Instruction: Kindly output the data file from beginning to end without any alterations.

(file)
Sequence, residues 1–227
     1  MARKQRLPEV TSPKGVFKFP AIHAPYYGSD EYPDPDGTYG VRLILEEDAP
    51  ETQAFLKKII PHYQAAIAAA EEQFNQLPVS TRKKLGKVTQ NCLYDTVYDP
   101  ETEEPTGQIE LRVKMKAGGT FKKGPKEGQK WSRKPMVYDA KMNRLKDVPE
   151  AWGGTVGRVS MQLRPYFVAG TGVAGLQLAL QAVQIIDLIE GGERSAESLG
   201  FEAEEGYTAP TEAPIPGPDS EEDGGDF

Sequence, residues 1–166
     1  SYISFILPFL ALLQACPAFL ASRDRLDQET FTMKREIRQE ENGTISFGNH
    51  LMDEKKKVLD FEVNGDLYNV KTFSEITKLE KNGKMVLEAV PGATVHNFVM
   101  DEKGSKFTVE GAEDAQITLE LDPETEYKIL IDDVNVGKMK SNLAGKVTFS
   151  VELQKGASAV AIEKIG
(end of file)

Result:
Sequence, residues 1–227
     1  MARKQRLPEV TSPKGVFKFP AIHAPYYGSD EYPDPDGTYG VRLILEEDAP
    51  ETQAFLKKII PHYQAAIAAA EEQFNQLPVS TRKKLGKVTQ NCLYDTVYDP
   101  ETEEPTGQIE LRVKMKAGGT FKKGPKEGQK WSRKPMVYDA KMNRLKDVPE
   151  AWGGTVGRVS MQLRPYFVAG TGVAGLQLAL QAVQIIDLIE GGERSAESLG
   201  FEAEEGYTAP TEAPIPGPDS EEDGGDF

Sequence, residues 1–166
     1  SYISFILPFL ALLQACPAFL ASRDRLDQET FTMKREIRQE ENGTISFGNH
    51  LMDEKKKVLD FEVNGDLYNV KTFSEITKLE KNGKMVLEAV PGATVHNFVM
   101  DEKGSKFTVE GAEDAQITLE LDPETEYKIL IDDVNVGKMK SNLAGKVTFS
   151  VELQKGASAV AIEKIG